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When Sebastien Bourdais came to Newman/Haas Racing as the 2002 FIA Formula 3000 champion, the media spin was huge. Many writers chose the French rookie to win the Champ Car title this year.

True, Bourdais was going to the most recent championship team, but there have been changes for all teams since the 2002 Champ Car season ended.

After his initial success in testing at CART's 2003 Spring Training, held in February at Sebring International Raceway, the expectations for Bourdais grew. He would win it all, the pundits claimed.

And the Frenchman obliged at St. Petersburg by taking pole position in his initial Champ Car race, becoming the first to do so since Nigel Mansell in 1993—when he drove for Newman/Haas Racing.

Bourdais made a rookie error in his first race—yet still finished 11th—and followed that by taking pole and committing another blunder in his second contest in Monterrey, Mexico.

By the time the tour reached Long Beach, the kid was almost pleased not to take pole position in the #2 Lilly Lola/Ford-Cosworth/Bridgestone racer. Perhaps his luck would change? Nope, not even close. Sebastien experienced Cosworth's sole engine failure in the first nine races held to date!

So it was off to England and Germany, two more tracks Bourdais had never driven. His experience in F3000 helped, as there's precious little track time available in that series prior to each race. "Sebastien has this great ability to learn tracks very well," said Craig Hampson, his NHR engineer.

The NHR crew never lost hope and Sebastien—whom they'd nicknamed Kermit because he's French, a "frog"—rewarded them with his first win of the year at Brands Hatch on the tiny 1.029-mile Indy course. The next weekend Bourdais took win #2 at the 1.5-mile EuroSpeedway Lausitz oval after earning his third pole position.

Back on US soil in late May and June, Bourdais had no luck. "Greg [Moore] and I used to call it our June swoon," current points leader Paul Tracy recalled with empathy.

Bourdais took ninth place in Milwaukee in CART's first night race from 13th on the grid; he didn't finish at Mazda Raceway Laguna Seca or Portland despite racing to what could have been podium slots both times. Mechanical failures took Kermit out. "We just can't get a result in the States," he wailed.

It was getting depressing for the 24-year-old. After Portland, he participated in testing at Road America and Mid-Ohio with the car now painted red for its three-race McDonald's sponsorship agreement.

Red seems to be a luckier color for Sebastien than black, doesn't it? "It feels very good [to win again], because the car turned red for this event. I'm very glad of that because it looked like the black car was a synonym of bad luck and now it's gone," he laughed.

This Le Mans native won race #9 in Cleveland from his fourth pole position, beating Tracy and teammate Bruno Junqueira in a one-lap shootout for the victory.

A sprint from a short caution in the 115-lap US Bank presents the Cleveland Grand Prix decided the outcome. Bourdais caught the green flags just right and ran away from the duel behind him for second place between PT and Bruno.

Finally, he had his win on American soil. Car co-owner Paul Newman pointed to the destroyed left rear Bridgestone Potenza as a badge of merit after the race, but Paul, he blew that rubber doin' celebratory doughnuts, not racing!

While Bourdais was waiting for the next calamity to strike in the waning laps at Cleveland, there was Adrian Fernandez, taking his line at the third turn and coming in contact with the 11-second leader when only five laps remained. "I have no idea what happened with Adrian but I thought 'oh, no, not again'. I was so scared something happened."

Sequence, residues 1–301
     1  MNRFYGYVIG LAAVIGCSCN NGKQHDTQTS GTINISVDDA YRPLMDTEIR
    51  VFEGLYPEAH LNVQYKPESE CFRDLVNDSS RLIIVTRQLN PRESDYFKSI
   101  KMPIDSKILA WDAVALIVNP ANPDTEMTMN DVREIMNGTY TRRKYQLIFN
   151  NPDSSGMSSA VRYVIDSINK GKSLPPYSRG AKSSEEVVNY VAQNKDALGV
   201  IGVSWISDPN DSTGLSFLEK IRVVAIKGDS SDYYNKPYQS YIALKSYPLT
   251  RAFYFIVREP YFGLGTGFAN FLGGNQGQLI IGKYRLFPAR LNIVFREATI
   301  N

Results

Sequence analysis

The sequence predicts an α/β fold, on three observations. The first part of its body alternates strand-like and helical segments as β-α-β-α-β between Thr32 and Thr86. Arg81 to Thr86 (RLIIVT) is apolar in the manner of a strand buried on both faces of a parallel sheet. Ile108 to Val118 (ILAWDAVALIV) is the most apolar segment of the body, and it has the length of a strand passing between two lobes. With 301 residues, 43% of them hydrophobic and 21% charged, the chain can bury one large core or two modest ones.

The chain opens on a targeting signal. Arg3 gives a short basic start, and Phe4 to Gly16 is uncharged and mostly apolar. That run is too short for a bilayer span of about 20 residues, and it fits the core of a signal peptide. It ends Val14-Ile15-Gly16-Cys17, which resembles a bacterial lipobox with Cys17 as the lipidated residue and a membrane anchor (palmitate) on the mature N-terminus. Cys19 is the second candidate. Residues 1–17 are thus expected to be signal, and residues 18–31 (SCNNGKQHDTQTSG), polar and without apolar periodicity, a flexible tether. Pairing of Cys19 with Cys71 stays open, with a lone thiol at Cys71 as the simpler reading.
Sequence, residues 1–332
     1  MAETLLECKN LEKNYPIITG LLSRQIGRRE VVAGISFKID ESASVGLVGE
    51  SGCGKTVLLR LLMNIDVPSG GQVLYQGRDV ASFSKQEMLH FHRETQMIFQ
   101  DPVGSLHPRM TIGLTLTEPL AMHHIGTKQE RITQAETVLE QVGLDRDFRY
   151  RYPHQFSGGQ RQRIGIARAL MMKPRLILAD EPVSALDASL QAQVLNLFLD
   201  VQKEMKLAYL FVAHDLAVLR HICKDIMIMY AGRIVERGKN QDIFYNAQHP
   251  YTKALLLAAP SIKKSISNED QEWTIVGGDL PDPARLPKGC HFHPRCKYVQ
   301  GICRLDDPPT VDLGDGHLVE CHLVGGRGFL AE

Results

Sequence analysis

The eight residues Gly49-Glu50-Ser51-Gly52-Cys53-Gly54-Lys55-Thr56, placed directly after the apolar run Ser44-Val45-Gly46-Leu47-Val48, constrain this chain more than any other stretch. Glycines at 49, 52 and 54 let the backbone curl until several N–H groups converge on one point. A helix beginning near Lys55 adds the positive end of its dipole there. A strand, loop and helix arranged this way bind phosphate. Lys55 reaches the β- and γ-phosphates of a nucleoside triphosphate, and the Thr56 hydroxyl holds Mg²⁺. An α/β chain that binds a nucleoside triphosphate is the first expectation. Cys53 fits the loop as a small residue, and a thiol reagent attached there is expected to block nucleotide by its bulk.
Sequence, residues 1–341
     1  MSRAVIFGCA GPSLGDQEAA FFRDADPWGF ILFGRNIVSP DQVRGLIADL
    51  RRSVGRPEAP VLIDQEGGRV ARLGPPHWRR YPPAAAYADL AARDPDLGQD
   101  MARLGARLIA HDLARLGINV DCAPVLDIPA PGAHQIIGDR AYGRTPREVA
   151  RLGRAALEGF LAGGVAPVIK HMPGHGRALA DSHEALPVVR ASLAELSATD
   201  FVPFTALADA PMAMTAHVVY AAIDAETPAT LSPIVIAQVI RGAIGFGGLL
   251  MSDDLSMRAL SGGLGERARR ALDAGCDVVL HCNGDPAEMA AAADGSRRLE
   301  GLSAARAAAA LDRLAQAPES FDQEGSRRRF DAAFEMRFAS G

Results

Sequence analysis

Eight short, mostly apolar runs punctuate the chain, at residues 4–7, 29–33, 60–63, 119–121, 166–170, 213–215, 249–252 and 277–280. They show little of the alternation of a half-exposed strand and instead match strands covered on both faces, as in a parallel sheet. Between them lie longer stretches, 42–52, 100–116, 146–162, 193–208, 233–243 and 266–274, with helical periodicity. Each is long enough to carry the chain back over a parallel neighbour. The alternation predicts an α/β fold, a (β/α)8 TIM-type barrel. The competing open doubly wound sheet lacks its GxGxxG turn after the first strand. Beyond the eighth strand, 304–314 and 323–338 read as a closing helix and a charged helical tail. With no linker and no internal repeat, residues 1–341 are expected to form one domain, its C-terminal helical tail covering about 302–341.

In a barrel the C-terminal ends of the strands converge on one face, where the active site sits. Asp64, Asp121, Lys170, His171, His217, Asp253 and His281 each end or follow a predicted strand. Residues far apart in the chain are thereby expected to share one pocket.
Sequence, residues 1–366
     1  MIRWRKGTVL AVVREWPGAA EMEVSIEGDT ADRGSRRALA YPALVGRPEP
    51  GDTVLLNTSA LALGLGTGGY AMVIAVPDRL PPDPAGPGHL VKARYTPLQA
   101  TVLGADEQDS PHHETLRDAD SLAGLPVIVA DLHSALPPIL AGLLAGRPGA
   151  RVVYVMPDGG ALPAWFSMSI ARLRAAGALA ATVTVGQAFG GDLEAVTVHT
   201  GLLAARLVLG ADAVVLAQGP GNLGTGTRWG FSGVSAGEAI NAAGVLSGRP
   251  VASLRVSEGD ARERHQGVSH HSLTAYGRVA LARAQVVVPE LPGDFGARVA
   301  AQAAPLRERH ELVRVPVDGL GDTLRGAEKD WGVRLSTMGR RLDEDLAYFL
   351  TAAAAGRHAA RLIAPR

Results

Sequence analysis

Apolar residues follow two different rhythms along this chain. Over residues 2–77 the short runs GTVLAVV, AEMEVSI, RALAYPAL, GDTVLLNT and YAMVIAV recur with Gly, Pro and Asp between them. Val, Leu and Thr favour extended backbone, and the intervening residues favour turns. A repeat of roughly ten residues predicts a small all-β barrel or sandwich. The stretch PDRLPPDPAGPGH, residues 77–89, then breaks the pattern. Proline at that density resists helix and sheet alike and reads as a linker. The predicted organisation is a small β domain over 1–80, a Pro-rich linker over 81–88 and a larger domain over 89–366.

This Cleveland Grand Prix was no lah-di-dah Saturday night drive. It was so tough on the top two that they shared an ice pack for their blistered hands during the post-race press conference.

The heat, the humidity after a late-afternoon storm drenched the 2.106-mile runways and taxiways at Burke Lakefront Airport were difficult for everyone, even the fit drivers of the Champ Car World Series.

Does this mean things will change for Bourdais? Will he fulfill the promise? Hell, I'm impressed. So is Paul Tracy. After the final round of pit stops, Tracy knew his fate. "He was too far down the road for me to catch him. We pretty much ran the same pace," second place finisher PT acknowledged. "Well, you know, if I do catch him, passing him is another thing."

For once, luck shone on the rookie. If there was damage to the #2 McDonald's/Lilly Lola racer, it didn't stop Sebastien Bourdais from coming first to the checkered flags. "I was really upset in the cockpit the last laps. I was so tired in the car and it was very difficult to concentrate to the checkered flags," Bourdais said.

"We knew Sebastien would be very, very good this year. He was clearly the best candidate for this job," Hampson noted later. "He's showing a little better than we expected, though."

With a 57-point lag on leader Tracy even with ten races left to run, Hampson thinks a top-three finish is possible for his rookie, currently fifth in the standings. "Our goal is to win more races than anybody this year."

They've got the tools to get that job done. Sebastien Bourdais is turning out to be a very good Champ Car driver, if not the acknowledged champion some thought he would be.

There's still a long way to go to the end of the season at California Speedway November 2nd, and Sebastien Bourdais will be right in the thick of it all. He can race with the best Champ Car drivers out there and he's having fun. "It's been very frustrating because we should be in the fight for the championship. Now all we need is a bit more luck."

—Anne Proffit

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